All articles from Health and Medicine >>>

The most recent press releases about innovation >>>

Die letzten 5 Focus-News des innovations-reports im Überblick:

Im Focus: Neutron star merger directly observed for the first time

University of Maryland researchers contribute to historic detection of gravitational waves and light created by event

On August 17, 2017, at 12:41:04 UTC, scientists made the first direct observation of a merger between two neutron stars--the dense, collapsed cores that remain...

Im Focus: Breaking: the first light from two neutron stars merging

Seven new papers describe the first-ever detection of light from a gravitational wave source. The event, caused by two neutron stars colliding and merging together, was dubbed GW170817 because it sent ripples through space-time that reached Earth on 2017 August 17. Around the world, hundreds of excited astronomers mobilized quickly and were able to observe the event using numerous telescopes, providing a wealth of new data.

Previous detections of gravitational waves have all involved the merger of two black holes, a feat that won the 2017 Nobel Prize in Physics earlier this month....

Im Focus: Smart sensors for efficient processes

Material defects in end products can quickly result in failures in many areas of industry, and have a massive impact on the safe use of their products. This is why, in the field of quality assurance, intelligent, nondestructive sensor systems play a key role. They allow testing components and parts in a rapid and cost-efficient manner without destroying the actual product or changing its surface. Experts from the Fraunhofer IZFP in Saarbrücken will be presenting two exhibits at the Blechexpo in Stuttgart from 7–10 November 2017 that allow fast, reliable, and automated characterization of materials and detection of defects (Hall 5, Booth 5306).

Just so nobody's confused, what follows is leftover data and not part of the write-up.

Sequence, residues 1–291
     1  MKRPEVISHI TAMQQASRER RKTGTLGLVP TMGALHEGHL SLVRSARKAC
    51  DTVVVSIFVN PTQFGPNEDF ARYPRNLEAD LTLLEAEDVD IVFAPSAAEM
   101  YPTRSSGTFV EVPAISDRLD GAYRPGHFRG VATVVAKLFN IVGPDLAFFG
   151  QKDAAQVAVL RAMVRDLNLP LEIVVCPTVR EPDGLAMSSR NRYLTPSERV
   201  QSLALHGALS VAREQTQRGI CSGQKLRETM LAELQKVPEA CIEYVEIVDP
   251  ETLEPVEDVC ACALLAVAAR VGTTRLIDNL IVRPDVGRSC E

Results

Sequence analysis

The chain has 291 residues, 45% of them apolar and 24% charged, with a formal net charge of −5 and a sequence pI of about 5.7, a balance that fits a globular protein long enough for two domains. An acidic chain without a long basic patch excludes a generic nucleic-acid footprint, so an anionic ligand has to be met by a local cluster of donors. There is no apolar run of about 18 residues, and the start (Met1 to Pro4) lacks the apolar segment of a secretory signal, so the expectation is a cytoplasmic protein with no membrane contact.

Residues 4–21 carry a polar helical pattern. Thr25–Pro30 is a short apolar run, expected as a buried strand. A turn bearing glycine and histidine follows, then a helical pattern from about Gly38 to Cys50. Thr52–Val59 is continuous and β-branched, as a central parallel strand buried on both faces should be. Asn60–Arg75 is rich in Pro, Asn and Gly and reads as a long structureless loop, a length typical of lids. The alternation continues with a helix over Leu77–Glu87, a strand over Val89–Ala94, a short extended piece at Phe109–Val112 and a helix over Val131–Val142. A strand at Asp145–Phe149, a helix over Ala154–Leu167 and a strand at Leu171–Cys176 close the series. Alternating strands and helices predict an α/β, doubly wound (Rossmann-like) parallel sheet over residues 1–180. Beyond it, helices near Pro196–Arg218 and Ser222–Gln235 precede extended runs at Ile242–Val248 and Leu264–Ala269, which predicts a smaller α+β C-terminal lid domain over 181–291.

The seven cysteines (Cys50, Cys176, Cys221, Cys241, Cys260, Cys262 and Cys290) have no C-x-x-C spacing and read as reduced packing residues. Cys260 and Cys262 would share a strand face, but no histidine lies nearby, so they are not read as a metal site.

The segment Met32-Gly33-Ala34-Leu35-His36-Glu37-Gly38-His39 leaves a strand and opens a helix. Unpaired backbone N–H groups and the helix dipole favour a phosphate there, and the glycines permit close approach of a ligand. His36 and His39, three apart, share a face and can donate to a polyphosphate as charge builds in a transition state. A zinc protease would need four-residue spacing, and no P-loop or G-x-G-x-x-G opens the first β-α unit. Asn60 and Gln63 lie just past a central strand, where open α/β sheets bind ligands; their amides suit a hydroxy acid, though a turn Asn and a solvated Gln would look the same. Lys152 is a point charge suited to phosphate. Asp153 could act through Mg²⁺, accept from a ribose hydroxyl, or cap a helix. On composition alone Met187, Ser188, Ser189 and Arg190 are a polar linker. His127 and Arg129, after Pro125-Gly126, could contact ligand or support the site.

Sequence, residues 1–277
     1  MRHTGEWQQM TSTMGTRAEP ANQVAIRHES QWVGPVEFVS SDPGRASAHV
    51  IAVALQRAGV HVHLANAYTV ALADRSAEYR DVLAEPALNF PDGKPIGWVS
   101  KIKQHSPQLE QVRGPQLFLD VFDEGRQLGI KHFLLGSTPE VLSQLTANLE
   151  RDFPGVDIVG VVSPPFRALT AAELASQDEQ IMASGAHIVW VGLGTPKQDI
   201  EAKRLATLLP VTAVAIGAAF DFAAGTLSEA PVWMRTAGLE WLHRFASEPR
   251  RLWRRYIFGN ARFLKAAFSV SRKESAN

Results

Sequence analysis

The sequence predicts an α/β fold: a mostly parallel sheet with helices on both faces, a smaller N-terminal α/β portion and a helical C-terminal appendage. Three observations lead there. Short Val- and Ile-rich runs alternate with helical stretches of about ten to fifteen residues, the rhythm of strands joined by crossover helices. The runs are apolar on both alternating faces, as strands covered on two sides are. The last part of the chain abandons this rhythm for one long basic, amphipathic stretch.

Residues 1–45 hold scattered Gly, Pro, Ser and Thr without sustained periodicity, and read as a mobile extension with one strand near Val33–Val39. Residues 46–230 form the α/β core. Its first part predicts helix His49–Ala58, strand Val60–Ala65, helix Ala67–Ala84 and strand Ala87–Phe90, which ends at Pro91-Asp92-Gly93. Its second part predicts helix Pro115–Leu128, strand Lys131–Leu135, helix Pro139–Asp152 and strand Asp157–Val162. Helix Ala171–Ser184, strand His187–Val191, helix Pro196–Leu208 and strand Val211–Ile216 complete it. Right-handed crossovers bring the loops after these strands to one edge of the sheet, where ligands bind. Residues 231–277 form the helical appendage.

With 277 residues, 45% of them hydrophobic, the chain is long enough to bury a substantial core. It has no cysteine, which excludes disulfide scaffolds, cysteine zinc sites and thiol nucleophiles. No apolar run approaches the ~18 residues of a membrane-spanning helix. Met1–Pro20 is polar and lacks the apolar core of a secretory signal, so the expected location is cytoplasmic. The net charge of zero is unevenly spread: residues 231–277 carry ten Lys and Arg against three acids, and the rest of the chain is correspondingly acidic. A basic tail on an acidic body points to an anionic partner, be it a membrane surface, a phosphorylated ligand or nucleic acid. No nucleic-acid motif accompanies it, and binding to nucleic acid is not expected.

When quality testing uses time-consuming destructive test methods, it can result in enormous costs due to damaging or destroying the products. And given that...

Im Focus: Cold molecules on collision course

Using a new cooling technique MPQ scientists succeed at observing collisions in a dense beam of cold and slow dipolar molecules.

How do chemical reactions proceed at extremely low temperatures? The answer requires the investigation of molecular samples that are cold, dense, and slow at...

Im Focus: Shrinking the proton again!

Scientists from the Max Planck Institute of Quantum Optics, using high precision laser spectroscopy of atomic hydrogen, confirm the surprisingly small value of the proton radius determined from muonic hydrogen.

It was one of the breakthroughs of the year 2010: Laser spectroscopy of muonic hydrogen resulted in a value for the proton charge radius that was significantly...

All Focus news of the innovation-report >>>

Anzeige

Anzeige

Event News

ASEAN Member States discuss the future role of renewable energy

17.10.2017 | Event News

World Health Summit 2017: International experts set the course for the future of Global Health

10.10.2017 | Event News

Climate Engineering Conference 2017 Opens in Berlin

10.10.2017 | Event News

 
Latest News

Ocean atmosphere rife with microbes

17.10.2017 | Life Sciences

Neutrons observe vitamin B6-dependent enzyme activity useful for drug development

17.10.2017 | Life Sciences

NASA finds newly formed tropical storm lan over open waters

17.10.2017 | Earth Sciences

VideoLinks
B2B-VideoLinks
More VideoLinks >>>